The coronavirus pandemic has decimated the UK agricultural shows calendar for a second year in a row, with big-name casualties including Lamma and the Royal Welsh Show.
But following a relaxation in lockdown restrictions, organisers of some large outdoor agricultural shows have been able to put in place Covid-safe measures to allow events to go ahead.
Groundswell, the UK’s largest regenerative agriculture show, attracted more than 3,500 visitors over two days at Lannock Manor Farm in Hitchin, Hertfordshire, on 23-24 June.
Cereals – the UK’s leading technical arable event – is going ahead at Boothby Graffoe, Lincolnshire, over two days (30 June and 1 July).
The layout and facilities at both events were designed to give space and enable organisers to adhere to the latest government guidelines on Covid safety.
There are no official attendance figures available yet for the Cereals event. However, anecdotal reports from the showground suggest that footfall was down on previous pre-Covid years when the event would attract about 20,000 visitors across both days. Better weather on day two (1 July) did appear to help numbers.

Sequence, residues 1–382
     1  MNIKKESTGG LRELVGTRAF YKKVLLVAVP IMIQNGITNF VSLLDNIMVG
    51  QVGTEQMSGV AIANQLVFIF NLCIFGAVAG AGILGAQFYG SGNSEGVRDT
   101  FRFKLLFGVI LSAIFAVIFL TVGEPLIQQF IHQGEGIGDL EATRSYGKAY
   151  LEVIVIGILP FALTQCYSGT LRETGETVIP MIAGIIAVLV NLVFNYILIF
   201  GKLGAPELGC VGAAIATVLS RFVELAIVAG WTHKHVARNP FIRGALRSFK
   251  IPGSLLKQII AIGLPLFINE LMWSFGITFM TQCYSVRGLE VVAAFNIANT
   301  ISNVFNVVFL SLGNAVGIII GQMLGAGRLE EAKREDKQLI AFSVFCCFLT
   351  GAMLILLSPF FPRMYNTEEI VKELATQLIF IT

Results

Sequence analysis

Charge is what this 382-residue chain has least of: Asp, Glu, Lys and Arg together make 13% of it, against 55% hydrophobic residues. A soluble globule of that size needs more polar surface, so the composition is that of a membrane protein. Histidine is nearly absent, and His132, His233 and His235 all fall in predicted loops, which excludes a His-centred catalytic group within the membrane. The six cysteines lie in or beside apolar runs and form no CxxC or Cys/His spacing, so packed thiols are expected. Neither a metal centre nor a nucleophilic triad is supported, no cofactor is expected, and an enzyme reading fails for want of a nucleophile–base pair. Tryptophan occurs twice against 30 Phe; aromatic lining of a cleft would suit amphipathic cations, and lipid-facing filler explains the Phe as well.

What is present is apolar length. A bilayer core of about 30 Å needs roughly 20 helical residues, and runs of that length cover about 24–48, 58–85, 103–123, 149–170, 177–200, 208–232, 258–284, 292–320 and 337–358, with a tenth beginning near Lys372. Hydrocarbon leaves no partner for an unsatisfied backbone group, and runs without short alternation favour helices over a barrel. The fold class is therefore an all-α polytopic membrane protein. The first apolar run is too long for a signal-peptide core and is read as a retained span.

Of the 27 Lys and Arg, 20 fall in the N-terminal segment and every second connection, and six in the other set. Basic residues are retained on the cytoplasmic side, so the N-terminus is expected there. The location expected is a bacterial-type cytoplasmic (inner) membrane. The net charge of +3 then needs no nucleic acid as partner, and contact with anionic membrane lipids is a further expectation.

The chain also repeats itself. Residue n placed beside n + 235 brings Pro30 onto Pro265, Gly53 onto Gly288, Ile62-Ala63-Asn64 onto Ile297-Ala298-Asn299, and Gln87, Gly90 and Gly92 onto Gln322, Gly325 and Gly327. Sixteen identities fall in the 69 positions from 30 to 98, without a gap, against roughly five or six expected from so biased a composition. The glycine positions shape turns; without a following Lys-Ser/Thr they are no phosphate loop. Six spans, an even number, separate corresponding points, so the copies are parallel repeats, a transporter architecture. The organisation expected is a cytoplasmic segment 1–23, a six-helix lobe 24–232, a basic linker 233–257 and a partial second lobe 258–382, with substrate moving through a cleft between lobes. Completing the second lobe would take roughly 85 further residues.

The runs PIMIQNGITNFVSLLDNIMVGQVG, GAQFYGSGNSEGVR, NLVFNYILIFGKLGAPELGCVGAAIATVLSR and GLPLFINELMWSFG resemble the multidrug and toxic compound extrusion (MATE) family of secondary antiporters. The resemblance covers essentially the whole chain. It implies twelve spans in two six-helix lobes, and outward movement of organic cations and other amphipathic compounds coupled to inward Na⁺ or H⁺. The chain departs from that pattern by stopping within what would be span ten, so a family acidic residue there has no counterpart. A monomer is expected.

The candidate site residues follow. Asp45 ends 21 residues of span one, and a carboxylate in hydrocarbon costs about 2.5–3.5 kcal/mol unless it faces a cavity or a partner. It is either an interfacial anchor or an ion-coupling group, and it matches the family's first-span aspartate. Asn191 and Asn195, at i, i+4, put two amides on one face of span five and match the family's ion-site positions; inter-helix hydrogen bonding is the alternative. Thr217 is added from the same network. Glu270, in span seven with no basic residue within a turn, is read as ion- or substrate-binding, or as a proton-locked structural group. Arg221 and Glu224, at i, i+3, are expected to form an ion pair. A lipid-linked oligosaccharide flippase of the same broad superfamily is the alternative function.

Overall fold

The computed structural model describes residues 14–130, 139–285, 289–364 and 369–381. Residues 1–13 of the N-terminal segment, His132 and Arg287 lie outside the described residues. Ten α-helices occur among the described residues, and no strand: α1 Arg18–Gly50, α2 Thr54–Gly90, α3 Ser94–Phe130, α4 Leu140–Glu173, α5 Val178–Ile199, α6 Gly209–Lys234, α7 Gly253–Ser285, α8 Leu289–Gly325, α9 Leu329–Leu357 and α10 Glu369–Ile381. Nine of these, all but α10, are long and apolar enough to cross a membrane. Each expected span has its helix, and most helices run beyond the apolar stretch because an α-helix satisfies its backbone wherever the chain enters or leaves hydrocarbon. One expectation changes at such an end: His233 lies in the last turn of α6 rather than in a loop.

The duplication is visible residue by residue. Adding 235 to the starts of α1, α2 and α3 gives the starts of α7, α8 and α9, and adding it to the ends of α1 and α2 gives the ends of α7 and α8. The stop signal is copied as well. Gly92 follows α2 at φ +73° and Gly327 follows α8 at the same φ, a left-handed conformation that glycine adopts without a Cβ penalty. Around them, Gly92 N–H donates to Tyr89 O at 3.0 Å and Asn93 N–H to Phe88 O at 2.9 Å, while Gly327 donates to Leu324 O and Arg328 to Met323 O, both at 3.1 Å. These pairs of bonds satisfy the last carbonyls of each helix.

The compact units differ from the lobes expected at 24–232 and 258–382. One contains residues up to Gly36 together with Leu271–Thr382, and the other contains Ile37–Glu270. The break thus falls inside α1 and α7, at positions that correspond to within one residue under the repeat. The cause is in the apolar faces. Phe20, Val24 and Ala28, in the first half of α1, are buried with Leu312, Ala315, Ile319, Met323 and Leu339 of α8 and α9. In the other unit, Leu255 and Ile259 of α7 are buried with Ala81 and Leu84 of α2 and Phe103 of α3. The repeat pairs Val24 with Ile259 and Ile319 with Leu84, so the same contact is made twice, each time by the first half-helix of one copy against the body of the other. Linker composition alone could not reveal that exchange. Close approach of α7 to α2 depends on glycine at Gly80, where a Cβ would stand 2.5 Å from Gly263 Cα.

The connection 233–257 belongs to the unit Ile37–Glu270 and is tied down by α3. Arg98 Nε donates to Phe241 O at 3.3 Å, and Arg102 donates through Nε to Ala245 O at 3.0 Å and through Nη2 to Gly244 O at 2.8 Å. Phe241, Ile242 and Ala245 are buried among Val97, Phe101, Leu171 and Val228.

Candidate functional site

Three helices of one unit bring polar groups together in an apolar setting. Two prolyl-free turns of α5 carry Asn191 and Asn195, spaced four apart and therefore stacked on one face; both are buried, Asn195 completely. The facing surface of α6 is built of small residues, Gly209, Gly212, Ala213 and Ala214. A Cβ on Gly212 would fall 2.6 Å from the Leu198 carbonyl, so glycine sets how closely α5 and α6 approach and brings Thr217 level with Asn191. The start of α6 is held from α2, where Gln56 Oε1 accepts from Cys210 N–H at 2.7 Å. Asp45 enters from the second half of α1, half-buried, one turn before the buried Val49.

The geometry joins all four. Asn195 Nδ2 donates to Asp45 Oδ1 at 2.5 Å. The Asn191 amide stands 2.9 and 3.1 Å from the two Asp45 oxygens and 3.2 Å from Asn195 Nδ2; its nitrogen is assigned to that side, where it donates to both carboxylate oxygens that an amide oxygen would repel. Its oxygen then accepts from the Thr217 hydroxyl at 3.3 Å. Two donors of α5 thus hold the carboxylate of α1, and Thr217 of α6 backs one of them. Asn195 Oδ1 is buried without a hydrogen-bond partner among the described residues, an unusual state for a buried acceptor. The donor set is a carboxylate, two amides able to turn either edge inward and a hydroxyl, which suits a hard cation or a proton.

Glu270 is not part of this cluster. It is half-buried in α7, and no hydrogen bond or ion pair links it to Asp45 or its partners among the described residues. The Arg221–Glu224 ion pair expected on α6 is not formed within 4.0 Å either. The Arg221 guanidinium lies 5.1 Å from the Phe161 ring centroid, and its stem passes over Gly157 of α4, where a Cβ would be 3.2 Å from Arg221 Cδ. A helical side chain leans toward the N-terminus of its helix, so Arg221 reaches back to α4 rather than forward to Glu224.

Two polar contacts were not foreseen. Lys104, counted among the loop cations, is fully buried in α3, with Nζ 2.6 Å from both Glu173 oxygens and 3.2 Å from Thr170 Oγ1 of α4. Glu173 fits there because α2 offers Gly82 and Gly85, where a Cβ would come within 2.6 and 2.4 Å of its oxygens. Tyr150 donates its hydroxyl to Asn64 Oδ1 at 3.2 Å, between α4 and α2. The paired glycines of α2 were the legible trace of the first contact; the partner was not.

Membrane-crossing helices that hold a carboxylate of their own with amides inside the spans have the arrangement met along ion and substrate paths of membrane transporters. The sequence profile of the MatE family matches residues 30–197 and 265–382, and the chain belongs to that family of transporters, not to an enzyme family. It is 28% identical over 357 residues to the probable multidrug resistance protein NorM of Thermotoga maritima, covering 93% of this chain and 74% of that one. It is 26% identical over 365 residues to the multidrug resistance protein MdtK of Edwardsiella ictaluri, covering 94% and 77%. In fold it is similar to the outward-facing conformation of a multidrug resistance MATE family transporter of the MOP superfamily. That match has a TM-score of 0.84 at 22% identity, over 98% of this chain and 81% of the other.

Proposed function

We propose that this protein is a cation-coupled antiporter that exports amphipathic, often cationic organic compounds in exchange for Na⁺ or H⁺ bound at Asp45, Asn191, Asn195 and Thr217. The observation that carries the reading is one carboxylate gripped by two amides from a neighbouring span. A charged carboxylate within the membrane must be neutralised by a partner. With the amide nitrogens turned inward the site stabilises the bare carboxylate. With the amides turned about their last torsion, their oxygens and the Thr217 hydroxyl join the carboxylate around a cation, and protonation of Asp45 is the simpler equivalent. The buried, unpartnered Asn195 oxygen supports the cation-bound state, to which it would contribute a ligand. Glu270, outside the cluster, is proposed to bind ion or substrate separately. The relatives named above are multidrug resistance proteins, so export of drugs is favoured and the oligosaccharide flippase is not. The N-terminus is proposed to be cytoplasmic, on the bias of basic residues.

The subject of visitor numbers was taken up by Daniel Bennett, business development manager at Hillsgreen, a specialist marketing agency focusing on growing agricultural and rural businesses.
— Hillsgreen (@hillsgreenHQ) July 1, 2021
In a video uploaded to the company’s Twitter site, Mr Bennett said: “It’s been good to be out and about. I suppose, ultimately, there’s a question.
“So here we are at Cereals and there’s not enough people here. And if there’s not enough people here, then the companies aren’t going to come and exhibit next time.
“So I think we’ve got to consider: how do you get more people?”
Mr Bennett suggests that digital (virtual) events “may be the way to go”.
“In the last 15 months, we have seen a huge shift to farmers consuming content online,” he said.
“I think we really need to be looking at that channel to really engage with that audience and still get them to the shows because the shows still provide a really valuable platform to have those conversations.
“It’s now about combining the two: build live shows with online.”
Organisers of both the Royal Highland Show and the Royal Welsh Show took the decision this year to host virtual shows behind closed doors due to the pandemic.
Wales’ premier agricultural showcase will go online for a second year for a week-long celebration of rural and farming life from 19 to 22 July.
However, like Cereals and Groundswell, this year’s Great Yorkshire Show will be held in Harrogate from 13 to 16 July, in what will be the first four-day event in the show’s history.